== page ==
Steven Finn continued his steep learning curve in front of 35,000 partisan supporters as England and Australia cranked up their Ashes battle at the Gabba.
England's 21-year-old international novice fast bowler was in the thick of the action too during a titanic half-hour after lunch when the first Test lurched England's way.
It proved a temporary surge which helped the tourists take four wickets for 72 runs in the middle session.
A rain-shortened day two of the series ended marginally in favour of Australia, thanks to back-to-form veteran Michael Hussey's unbeaten 81 in an unbroken stand of 77 with Brad Haddin.
The hosts therefore closed on 220 for five, in reply to England's apparently under-par 260 all out.
Hussey needed to be at his resourceful best, unfurling a succession of merciless pulls in his 144-ball stay so far, to defy England's resurgent bowlers.
Among them, James Anderson was the pick in an outstanding spell of 11-6-18-2 from the Stanley Street end either side of lunch.
Finn was sufficiently self aware to acknowledge others led the way, and that he needs to learn from them.
"I thought the other bowlers bowled fantastically well," said Finn, who almost had Hussey first ball - the edge dropped just short of Graeme Swann at second slip - and finished with two for 61.
The 6ft 8in seamer's first wicket came via an athletic caught-and-bowled down by his boots to see off limpet opener Simon Katich for a painstaking 50.
"Wickets give you confidence," he added. "But there are still areas of my bowling that obviously I need to work on, having been hit for a few fours today, and it's something I'm looking to improve every time I bowl."
Finn's phlegmatic demeanour is at odds with his trade, but is an evident asset for a cricketer plunged into the Ashes after just eight Tests in less than a year.
"It's just another game of cricket," he believes. "It's what you build it up to be in your head, and it was important I didn't build it up to be too big. That would have been detrimental to my performance.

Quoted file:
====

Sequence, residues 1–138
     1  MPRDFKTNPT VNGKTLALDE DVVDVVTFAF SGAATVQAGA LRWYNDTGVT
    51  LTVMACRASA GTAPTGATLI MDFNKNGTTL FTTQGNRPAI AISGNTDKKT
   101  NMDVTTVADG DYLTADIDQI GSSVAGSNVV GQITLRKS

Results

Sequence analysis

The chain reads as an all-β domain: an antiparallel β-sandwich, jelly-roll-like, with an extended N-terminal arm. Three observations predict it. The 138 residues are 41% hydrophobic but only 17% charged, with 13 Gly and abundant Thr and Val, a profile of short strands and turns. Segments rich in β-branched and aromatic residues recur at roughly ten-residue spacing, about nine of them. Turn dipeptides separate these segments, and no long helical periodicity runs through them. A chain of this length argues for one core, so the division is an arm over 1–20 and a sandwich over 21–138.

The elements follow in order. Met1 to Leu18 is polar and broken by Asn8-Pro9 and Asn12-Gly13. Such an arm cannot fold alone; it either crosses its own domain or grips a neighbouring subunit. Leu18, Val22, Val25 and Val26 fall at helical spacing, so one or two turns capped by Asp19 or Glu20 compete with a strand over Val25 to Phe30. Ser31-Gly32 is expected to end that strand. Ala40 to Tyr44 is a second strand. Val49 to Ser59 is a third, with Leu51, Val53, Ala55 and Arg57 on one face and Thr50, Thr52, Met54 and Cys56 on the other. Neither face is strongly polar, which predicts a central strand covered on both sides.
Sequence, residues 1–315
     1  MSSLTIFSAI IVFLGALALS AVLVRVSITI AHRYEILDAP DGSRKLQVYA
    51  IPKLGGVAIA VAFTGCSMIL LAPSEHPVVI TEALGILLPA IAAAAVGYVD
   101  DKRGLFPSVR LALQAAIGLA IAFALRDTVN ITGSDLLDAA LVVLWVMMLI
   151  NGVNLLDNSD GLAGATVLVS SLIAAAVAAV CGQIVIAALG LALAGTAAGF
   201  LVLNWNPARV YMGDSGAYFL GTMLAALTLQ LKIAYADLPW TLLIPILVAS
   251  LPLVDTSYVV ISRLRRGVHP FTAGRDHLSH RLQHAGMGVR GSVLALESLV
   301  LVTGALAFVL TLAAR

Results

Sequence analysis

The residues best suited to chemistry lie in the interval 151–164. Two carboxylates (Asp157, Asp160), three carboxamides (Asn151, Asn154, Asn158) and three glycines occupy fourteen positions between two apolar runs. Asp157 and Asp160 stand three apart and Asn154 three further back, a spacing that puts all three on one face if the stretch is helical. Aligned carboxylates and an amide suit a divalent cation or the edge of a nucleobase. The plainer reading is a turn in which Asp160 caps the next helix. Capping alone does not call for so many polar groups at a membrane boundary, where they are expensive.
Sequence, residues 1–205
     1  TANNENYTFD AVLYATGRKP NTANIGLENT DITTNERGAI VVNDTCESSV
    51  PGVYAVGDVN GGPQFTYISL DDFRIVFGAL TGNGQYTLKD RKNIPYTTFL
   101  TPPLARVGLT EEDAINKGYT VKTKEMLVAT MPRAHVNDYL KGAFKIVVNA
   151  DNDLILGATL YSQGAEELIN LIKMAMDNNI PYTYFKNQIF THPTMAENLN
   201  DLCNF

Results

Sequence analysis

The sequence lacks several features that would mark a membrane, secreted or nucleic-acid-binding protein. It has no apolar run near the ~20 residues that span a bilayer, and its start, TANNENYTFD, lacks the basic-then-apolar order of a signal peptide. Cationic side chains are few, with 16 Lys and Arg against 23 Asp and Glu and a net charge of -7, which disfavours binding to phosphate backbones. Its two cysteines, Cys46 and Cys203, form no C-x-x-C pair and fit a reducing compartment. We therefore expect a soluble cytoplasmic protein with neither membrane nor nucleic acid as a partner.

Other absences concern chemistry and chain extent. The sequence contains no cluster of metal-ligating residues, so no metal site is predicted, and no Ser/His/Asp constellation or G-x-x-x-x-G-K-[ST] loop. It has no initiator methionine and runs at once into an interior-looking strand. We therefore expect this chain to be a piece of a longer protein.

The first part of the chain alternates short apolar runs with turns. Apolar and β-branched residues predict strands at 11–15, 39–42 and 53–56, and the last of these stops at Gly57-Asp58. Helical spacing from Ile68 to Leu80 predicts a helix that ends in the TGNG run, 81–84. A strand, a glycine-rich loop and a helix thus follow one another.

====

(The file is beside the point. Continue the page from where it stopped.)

"I'm used to playing (county) championship cricket in front of 20 people. But to have so many people watching has been fantastic. I'm loving it at the moment.
"A few times today, it didn't quite go to plan. But I'm young; I'm learning all the time - and it's important that I keep doing that and come back better."
He is not too proud either to listen to those who have learned already.
"Jimmy's played 50 odd Tests and taken nearly 200 wickets, so he's obviously a very, very good bowler - and he's been an ever-present in the side for a long time," he said.
"I look up to him obviously. To have him and Broady [Stuart Broad] around me who have bowled a lot of balls in Test match cricket, it's great for me to feed off.
"We're always communicating as a unit. It's not just one bit of advice Jimmy's given me; it's spell-to-spell, ball-to-ball that we're always trying to work out a way of getting batsmen out."
He so nearly did so instantaneously when Hussey faced up after Katich's departure.
"It would have been nice had it carried another yard," he shrugged.
Finn will not be dwelling on that near miss, but will be seeking to do better next time.
"You look at the guys' economy rates, and I was by far the most expensive.
"Swanny bowled beautifully after his first few overs and deservedly got a wicket - and the other two seamers have gone at two, or just less, an over.
"As a unit we've been brilliant. I need to make sure I put more balls in the right area tomorrow, because that's when I'm most dangerous."
He eventually got Michael Clarke caught behind, Matt Prior's 100th Test victim, but thought he had the Australia vice-captain for a duck off an inside edge much earlier - only for umpire Aleem Dar, and then DRS, to see things differently.
Finn is prepared to accept both verdicts.
"I thought there was an edge there; I was convinced there was an edge, because I thought I heard a noise," he confirmed.
"But 'Hotspot' didn't see anything, and you have to respect that.
"On the basis of the evidence, the umpire got it right.
"We were convinced there was a nick there - that's why the review was called - but 'Hotspot' showed differently.
"Obviously, when decisions don't go your way you're disappointed. But we can't let it affect our performance.
"That's something we've done really well, coming back. Jimmy got a wicket a couple of balls after a decision was overturned."
Hussey knew too the day might have turned out very differently for him and Australia, after his narrow escape first ball.
"It just goes to show how much of the game is a fine line," he said. "Nicking that first one, I was hoping and praying it would fall short - and luckily it did.
"A foot or so more, and I would have been gone for a first-ball duck.
"But instead, I'm still there at the close - which is a nice feeling."